Can't handle the eclipse? Bwahahaha.. this gotta be a joke?

What if there was no eclipse, but just clouds.. for the entire 2 hours??? OMG Germany will collapse!

Ohh come on!


Clouds refract sunlight, eclipses don't.



posted on Mar, 19 2015 @ 10:39 AM
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originally posted by: Eunuchorn
Clouds refract sunlight, eclipses don't.


True. But the eclipse won't be total in Germany.

About 90% of the sun will be covered, its almost equivalent to a cloudy day, no ?

Eclipse data

Don't worry, Europe will survive the eclipse

edit on 19/3/2015 by kloejen because: (no reason given)



posted on Mar, 19 2015 @ 10:44 AM
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originally posted by: kloejen

originally posted by: Eunuchorn
Clouds refract sunlight, eclipses don't.


Don't worry, Europe will survive the eclipse


That's what I'm worried about



posted on Mar, 19 2015 @ 11:12 AM
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a reply to: darkbake

Germany power grid is not capable to handle new rapidly fluctuating sources. In fact large part of current flow from northern wind farms to Bavaria goes through power grid of Czech Rep. built in bolshevik era. Our industry was almost eradicated in 90. and rising consumption of households did not fill the gap which is now used by Germany. This should be calculated while "success" of renewable sources in Germany is decided - they did not payed full price yet. Less then 5% of long time planned north-south lines are ready and if the grid will be "self sufficient" in 10 years it would be miracle.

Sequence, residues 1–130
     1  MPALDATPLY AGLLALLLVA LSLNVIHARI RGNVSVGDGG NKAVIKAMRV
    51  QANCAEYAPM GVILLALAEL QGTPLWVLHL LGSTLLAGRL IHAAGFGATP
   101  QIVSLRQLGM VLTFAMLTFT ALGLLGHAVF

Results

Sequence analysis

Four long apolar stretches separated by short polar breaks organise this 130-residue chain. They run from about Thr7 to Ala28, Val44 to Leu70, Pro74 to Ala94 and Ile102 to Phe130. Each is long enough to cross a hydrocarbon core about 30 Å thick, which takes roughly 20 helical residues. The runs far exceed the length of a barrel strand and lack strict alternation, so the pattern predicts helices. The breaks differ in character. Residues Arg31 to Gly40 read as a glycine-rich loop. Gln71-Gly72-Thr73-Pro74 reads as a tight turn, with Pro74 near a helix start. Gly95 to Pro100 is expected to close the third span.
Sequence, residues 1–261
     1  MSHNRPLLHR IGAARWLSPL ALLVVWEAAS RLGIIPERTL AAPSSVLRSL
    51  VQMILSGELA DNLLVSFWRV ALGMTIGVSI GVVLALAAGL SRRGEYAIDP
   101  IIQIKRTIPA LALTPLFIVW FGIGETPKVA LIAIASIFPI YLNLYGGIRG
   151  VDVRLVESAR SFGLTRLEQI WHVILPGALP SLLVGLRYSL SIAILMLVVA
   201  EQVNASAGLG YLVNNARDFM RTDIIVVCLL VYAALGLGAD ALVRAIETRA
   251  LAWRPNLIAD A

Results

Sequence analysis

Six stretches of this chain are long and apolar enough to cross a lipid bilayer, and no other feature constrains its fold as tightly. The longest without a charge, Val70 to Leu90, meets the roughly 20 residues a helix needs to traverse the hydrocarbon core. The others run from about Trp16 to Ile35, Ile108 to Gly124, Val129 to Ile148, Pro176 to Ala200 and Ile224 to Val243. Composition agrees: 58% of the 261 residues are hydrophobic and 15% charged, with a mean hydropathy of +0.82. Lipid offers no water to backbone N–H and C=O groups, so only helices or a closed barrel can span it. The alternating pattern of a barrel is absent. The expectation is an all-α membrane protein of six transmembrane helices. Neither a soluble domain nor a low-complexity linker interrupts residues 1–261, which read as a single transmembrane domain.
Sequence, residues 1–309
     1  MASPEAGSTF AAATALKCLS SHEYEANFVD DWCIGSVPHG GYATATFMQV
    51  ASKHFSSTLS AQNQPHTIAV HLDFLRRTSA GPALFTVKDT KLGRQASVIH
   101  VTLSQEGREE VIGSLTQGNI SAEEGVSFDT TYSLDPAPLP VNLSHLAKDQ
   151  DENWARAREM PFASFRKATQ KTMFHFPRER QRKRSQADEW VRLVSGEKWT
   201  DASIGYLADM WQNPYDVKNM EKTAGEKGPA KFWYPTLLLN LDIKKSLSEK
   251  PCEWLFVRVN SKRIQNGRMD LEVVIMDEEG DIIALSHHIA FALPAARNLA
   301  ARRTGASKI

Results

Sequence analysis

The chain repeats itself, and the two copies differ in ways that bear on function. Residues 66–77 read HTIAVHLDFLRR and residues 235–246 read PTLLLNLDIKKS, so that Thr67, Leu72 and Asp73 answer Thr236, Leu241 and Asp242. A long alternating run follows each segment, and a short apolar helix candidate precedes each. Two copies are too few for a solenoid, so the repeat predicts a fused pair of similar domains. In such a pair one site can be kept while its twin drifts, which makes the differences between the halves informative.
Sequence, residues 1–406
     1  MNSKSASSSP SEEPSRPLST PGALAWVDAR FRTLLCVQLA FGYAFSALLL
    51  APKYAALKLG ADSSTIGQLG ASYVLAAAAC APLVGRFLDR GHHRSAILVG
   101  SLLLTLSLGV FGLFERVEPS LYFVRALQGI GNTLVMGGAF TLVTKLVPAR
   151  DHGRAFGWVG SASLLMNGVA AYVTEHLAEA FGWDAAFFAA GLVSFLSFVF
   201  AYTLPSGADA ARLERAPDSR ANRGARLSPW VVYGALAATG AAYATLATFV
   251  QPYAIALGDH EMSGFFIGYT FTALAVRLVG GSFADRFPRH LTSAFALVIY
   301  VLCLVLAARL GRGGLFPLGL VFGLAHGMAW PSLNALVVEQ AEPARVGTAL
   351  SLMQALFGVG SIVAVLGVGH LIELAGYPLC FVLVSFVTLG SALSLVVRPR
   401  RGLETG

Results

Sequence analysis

posted on Mar, 19 2015 @ 11:13 AM
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a reply to: kloejen

I'm willing to bet there is more sunlight on a cloudy day than there is during an eclipse, even if only 90% of the sun is covered. That said, my opinion is also like many in this thread - that the solar power people have this covered.

It is still interesting to think about the challenges solar power has.

It will be easy to check and see if there were any problems since the eclipse is tomorrow.
edit on 19amThu, 19 Mar 2015 11:15:54 -0500kbamkAmerica/Chicago by darkbake because: (no reason given)

edit on 19amThu, 19 Mar 2015 11:16:19 -0500kbamkAmerica/Chicago by darkbake because: (no reason given)



posted on Mar, 19 2015 @ 12:01 PM
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We had an eclipse on this side of the pond a few months ago, it didn't happen that quickly, and it wasn't really very dark.
I'm having a hard time seeing how there could be an issue.